Washington quarterback Michael Penix Jr. called it “a beautiful win.” For the Huskies, their 24-21 triumph over Oregon State on Friday was surely that, the signature victory of the Kalen DeBoer era and one that leaves a multitude of possibilities for even more glory ahead.

Certainly, it propels the Huskies into next week’s game in Eugene — one that would supplant this signature with a John Hancock flourish if they can knock off No. 8 Oregon — riding a wave of momentum and confidence. Penix might have to dig into Bartlett’s Quotations to find a way to portray the level of beauty if they pull that one off.

“I think this game does a lot for us,’’ said wide receiver Rome Odunze. “It gives us that confidence to carry into the (Oregon) game. I don’t know — beating one Oregon team has to mean something for the other, right?

“We know they’re going to give us their best, but being able to come out here and execute and have that gritty win, I think it builds character for us and creates more resilience for when adversity is going to strike.”

Washington Huskies linebacker Kamren Fabiculanan (13) celebrates his fumble recovery that ended the game during the fourth quarter. 222046

On a dark and stormy night — emphasis on “dark” during a 25-minute power outage in the fourth quarter that brought the game to a screeching halt at the precise moment of burgeoning momentum for the Huskies — it was also a bizarre, quirky win. It wasn’t sealed until there were a mere eight seconds remaining on as challenging a 22-yard field goal by Peyton Henry, considering the wind, as that short distance could possibly be.

Adversity? At one point, you felt Washington could have been trailing by two touchdowns if Oregon State had converted on two forays deep into Husky territory; but you also felt like the Huskies could have been ahead handily if not for an inopportune pick-six thrown by Penix in the first half, and a couple of crippling penalties that extended Oregon State drives. That’s where the resiliency came in.


It morphed into a tense game in which the inclement weather wreaked havoc with the offenses. Not that it reached worst-case scenario — there was no rain, and the wind was intermittent. Henry said that when he kicked in the lake end of the field, “I had to aim a little bit outside the left upright for it to curl back in, so it was definitely a tricky night to kick.” But Odunze said the weather wasn’t as destructive to the game plan as might have been expected.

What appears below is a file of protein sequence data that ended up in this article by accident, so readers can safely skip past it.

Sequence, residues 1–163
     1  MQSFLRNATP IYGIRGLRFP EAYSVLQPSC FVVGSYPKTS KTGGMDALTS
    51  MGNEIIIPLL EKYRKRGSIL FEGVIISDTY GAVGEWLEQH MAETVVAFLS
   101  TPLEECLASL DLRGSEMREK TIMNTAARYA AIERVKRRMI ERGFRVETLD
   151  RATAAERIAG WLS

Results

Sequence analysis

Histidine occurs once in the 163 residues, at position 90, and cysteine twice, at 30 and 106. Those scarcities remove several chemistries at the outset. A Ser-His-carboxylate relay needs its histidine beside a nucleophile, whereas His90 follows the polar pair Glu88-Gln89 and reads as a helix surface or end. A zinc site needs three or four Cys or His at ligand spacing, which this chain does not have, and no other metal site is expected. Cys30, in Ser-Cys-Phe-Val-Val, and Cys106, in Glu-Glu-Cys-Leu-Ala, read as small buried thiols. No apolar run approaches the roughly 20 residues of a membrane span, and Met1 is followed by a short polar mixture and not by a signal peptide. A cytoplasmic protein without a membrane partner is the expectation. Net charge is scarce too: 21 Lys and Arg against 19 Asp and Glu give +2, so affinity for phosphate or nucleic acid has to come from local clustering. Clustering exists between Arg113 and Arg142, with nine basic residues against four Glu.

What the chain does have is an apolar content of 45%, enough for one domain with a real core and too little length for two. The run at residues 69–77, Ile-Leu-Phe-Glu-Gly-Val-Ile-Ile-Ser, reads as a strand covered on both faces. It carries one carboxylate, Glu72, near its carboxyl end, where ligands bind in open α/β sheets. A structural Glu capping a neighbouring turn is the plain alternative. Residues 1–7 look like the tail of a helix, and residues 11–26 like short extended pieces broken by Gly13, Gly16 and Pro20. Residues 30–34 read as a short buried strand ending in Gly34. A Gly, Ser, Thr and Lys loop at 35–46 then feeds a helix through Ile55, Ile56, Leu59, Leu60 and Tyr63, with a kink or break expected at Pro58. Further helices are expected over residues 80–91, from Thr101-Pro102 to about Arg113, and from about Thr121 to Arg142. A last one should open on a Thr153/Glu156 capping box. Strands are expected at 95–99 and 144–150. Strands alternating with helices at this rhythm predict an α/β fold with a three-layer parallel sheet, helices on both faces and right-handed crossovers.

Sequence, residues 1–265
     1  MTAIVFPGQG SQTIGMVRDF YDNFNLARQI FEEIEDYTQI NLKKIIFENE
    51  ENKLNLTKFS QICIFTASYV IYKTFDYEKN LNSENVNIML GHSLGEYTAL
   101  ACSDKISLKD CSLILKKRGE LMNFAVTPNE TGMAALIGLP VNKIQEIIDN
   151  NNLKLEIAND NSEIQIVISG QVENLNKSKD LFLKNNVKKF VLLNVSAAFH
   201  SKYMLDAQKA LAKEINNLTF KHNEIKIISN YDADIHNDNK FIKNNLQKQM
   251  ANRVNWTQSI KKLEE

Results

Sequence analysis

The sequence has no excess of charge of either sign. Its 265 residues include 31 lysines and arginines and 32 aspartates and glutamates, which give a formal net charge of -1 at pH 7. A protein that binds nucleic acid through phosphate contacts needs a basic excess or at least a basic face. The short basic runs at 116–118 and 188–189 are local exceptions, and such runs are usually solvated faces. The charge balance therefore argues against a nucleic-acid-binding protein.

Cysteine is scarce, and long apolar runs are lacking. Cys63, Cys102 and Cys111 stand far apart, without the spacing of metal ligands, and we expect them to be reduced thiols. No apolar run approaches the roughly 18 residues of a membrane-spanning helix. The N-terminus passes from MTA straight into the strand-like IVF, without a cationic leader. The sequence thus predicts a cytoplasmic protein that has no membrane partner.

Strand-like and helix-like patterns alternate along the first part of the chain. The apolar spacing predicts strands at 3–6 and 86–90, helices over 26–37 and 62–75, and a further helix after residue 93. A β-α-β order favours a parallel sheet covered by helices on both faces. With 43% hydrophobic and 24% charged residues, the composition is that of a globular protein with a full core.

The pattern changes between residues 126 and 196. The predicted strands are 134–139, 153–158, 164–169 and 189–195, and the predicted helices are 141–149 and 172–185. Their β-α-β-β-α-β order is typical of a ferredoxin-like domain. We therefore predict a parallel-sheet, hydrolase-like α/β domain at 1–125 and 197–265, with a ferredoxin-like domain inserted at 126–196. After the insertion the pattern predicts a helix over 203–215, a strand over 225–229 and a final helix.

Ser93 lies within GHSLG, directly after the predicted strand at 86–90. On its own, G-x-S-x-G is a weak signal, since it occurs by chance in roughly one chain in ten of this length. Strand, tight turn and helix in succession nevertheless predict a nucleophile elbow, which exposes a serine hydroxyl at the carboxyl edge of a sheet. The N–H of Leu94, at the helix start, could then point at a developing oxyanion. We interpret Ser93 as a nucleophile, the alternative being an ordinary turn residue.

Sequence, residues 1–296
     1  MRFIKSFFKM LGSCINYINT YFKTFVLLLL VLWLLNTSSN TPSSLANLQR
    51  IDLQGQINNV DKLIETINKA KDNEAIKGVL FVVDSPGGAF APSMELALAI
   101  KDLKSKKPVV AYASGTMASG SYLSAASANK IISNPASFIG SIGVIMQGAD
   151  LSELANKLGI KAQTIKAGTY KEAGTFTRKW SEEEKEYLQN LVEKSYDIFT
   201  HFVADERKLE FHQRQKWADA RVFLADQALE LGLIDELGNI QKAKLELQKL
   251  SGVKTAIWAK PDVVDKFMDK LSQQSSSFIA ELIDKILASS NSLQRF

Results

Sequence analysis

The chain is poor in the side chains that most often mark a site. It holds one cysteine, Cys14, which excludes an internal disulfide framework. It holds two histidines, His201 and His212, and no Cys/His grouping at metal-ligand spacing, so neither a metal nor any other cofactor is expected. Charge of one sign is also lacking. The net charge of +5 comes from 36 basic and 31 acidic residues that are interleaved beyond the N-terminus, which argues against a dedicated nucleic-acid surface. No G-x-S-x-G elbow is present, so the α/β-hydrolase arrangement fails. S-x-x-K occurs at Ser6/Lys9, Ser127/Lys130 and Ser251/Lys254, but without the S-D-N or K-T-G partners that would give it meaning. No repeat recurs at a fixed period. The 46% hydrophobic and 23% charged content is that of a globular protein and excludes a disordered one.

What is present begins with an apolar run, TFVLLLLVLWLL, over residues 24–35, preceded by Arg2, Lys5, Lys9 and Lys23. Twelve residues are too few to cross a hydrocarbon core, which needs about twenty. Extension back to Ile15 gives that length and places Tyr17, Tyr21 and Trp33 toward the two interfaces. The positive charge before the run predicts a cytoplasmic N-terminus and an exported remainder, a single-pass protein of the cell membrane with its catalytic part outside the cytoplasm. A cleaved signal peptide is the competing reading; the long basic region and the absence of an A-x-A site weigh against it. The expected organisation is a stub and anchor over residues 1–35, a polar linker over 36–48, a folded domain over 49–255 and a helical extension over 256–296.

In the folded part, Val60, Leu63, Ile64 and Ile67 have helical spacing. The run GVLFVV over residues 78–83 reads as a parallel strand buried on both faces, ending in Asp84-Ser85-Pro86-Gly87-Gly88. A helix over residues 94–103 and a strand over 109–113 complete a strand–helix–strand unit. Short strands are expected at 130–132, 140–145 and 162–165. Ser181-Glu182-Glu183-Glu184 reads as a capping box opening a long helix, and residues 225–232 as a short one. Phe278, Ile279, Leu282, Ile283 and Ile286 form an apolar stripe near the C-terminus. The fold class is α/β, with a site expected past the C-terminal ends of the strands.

“Honestly, it was kind of a relief,’’ he said. “I mean, some reports were like it’s about to be a hurricane over there. So we thought it was going to be way, way worse than what it was. So when it was just a little windy and a little chilly, we knew we could overcome that. And we did.”

Bludgeoned early by Oregon State’s running game, the Huskies stiffened considerably in the second half, buoyed by astute adjustments from their defensive staff at intermission.

“I was so impressed with the efficiency of the communication, and by the coaches, and then taking that into the locker room,’’ DeBoer said. “And it played itself out exactly how the coaches were portraying it to the defensive side of the ball.”

When the Huskies came up with a crucial stop late in the fourth quarter of a tie game, it came down to a do-or-die scenario when Oregon State’s punt rolled dead at the 3 with 4:25 left in the game. The Huskies knew, as Penix said, that if they had to punt to Oregon State, they wouldn’t get the ball back. And there was a distinct possibility, if the drive fizzled early and they had to kick into the wind from deep in their territory, it would set up the Beavers almost prohibitively to win the game.

It was, in essence, a season-defining drive — and the Huskies pulled it off with brilliance, marching 95 yards on 18 plays all the way to the 2, where DeBoer did something he said he had never done. On third down, instead of going for the end zone, he had Penix move the ball into a more favorable kicking position for Henry.


“It’s really hard for me to not try to score a touchdown,’’ DeBoer said with a rueful smile. “I really feel that’s the first time I’ve ever done that, where we intentionally center it to win a game.”

It was a drive in which the Huskies continued a game-long trend of converting on seemingly impossible third-and-long situations. It was a drive in which Penix, who had made an uncharacteristic careless pass that led to an Oregon State touchdown, manipulated the offense with precision and care, knowing a turnover would be deadly. And it was a drive that featured a brilliant, diving catch by running back Cam Davis to convert another crucial first down in Beavers’ territory.

“I’m proud of the way the guys were just resilient,’’ DeBoer said. “And there came a point where we got close to midfield, and we were like, OK, now we’re the aggressors. When you are backed way up, you’re worried about the punt into the wind, and how much time is going to be left for their offense. And then there came a point where we got out of our own territory, where you feel, this is now in our court.”

It was, as Penix said, a thing of beauty. That may be in the eye of the beholder, but in this game, it was in the eyes of the victors. And now they have visions of greater things ahead.